Raises For Oklahoma Teachers May Not Be Enough To Stop A Strike

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Low teacher pay in the United States came into focus earlier this month when educators in West Virginia, whose pay is slightly higher than in Oklahoma, held a nine-day strike that ended after they received a 5 percent pay rise.

Oklahoma ranks 47th in the nation in public school revenue per student, almost $3,000 below the national average, while its average teacher salary of $45,276 ranks 49th, according to the most recent statistics from the National Education Association.

Oklahoma Education Association president Alicia Priest said, "Lawmakers have ignored pay for far too long. It's not enough", she continued. "We must continue to push for more annual funding for our schools to reduce class size and restore more of the 28% of funds they cut from education over the last decade".

Tulsa Public Schools and Owasso Public Schools made it official Thursday afternoon that its schools will be shut down Monday because teachers are going to the Capitol.

The OEA, which has about 40,000 members, has said it is seeking a $10,000 pay increase over three years for teachers and a $5,000 raise for support personnel. The West Virginia strike kept the state's schools closed for nine consecutive school days and continued after lawmakers passed a one-time five percent raise, with teachers insisting that all their demands be met.

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"What yesterday looked like a positive step forward and a historic down payment on our children's future now hangs in the balance as the legislature dismantles the funding needed to solve this crisis they created in the first place", Priest said.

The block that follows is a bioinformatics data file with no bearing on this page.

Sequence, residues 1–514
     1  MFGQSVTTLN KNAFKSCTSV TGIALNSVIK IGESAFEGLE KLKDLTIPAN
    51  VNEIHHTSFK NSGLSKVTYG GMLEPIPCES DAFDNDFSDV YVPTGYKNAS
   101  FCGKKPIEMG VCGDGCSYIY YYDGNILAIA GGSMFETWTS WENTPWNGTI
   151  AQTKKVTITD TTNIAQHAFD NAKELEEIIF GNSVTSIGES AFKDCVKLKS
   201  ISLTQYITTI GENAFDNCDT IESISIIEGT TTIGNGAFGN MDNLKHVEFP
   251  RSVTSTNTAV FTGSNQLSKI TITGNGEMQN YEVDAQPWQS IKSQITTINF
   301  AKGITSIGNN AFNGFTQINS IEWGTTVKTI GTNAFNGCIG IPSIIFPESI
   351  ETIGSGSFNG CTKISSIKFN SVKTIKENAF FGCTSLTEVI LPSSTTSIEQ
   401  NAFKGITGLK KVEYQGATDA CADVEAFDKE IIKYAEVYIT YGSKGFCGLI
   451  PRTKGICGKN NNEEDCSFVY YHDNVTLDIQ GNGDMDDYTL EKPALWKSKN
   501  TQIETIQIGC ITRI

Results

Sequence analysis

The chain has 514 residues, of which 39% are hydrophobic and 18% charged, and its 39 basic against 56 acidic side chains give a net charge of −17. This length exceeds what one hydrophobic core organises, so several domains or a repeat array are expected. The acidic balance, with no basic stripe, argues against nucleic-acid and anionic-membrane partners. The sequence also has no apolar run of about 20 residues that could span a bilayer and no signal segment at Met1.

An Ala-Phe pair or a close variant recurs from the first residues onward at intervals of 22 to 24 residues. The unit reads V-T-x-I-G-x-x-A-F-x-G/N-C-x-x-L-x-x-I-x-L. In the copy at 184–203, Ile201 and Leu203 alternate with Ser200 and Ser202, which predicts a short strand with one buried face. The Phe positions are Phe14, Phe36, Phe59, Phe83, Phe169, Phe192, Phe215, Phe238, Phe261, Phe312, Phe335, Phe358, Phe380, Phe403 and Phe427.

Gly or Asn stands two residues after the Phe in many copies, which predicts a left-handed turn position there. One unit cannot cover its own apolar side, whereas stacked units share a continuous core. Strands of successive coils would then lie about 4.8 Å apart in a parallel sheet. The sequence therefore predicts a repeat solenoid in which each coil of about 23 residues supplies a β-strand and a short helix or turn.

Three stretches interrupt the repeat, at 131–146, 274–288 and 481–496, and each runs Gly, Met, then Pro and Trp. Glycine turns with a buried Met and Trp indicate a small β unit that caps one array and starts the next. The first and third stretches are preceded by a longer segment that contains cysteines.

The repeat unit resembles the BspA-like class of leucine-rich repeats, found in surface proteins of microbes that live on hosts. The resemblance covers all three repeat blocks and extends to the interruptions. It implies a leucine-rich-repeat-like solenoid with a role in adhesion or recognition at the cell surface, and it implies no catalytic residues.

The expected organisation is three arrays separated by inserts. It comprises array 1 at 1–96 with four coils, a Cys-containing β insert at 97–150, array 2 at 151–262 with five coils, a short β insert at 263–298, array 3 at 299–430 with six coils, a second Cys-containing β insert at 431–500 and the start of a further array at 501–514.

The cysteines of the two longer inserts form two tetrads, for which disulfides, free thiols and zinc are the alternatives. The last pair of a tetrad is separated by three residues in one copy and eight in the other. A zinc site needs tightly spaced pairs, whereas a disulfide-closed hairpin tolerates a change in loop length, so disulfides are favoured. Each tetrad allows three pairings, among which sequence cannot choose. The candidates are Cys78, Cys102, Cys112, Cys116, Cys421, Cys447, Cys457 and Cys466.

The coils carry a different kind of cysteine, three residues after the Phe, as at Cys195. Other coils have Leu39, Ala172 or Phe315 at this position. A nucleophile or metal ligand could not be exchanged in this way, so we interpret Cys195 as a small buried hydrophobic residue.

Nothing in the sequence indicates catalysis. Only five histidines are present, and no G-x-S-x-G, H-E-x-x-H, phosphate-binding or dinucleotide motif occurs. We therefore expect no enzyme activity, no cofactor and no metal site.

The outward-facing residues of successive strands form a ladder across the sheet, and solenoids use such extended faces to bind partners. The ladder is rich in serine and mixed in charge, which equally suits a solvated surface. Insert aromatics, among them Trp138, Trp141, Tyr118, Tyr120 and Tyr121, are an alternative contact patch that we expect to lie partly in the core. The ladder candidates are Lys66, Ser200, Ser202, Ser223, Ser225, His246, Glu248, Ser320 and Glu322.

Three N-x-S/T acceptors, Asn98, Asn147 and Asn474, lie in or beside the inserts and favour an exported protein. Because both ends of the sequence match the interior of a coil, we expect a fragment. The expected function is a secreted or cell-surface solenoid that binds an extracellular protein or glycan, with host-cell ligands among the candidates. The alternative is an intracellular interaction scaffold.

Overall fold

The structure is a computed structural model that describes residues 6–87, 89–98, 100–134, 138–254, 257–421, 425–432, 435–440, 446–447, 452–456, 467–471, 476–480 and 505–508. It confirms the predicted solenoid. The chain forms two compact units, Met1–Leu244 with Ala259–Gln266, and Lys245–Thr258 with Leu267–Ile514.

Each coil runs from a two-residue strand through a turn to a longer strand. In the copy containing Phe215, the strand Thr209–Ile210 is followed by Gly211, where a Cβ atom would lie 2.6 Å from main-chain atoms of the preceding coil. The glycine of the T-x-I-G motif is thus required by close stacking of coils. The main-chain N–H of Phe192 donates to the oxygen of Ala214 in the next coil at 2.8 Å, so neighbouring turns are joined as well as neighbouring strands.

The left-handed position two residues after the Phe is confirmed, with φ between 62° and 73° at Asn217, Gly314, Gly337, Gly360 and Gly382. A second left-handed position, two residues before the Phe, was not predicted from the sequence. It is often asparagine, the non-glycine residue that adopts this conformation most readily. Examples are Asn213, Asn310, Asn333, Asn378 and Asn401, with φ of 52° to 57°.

When adjusted for inflation, the center's report shows a almost 28 percent reduction over the past 10 years. "This gets us part of the way there, and so we need to have the Legislature guarantee that we are still working to get to that", Priest had told CNN affiliate KFOR. She heard from students about how their schools are preparing for the teacher strike. "If teachers walkout, you have the opportunity to create hardship for the very students that they work so hard to serve every day so I'm concerned about that and hope they could find a way to express their position without doing that".

The teachers are fighting not just for their own salaries, but for boosts to the whole public education system. Oklahoma was also ranked 47th in expenditures for public K-12 students per student in 2016, according to the National Education Association. "We have among the highest class sizes and school counselor loads in the nation, making it hard to meet the individual needs of our students", the group stated.

HFV Wilson Community Center Executive Director Jacob Lohse says they're expecting around 300 hundred kids next week. They want better pay and are encouraging each other to organize via social media.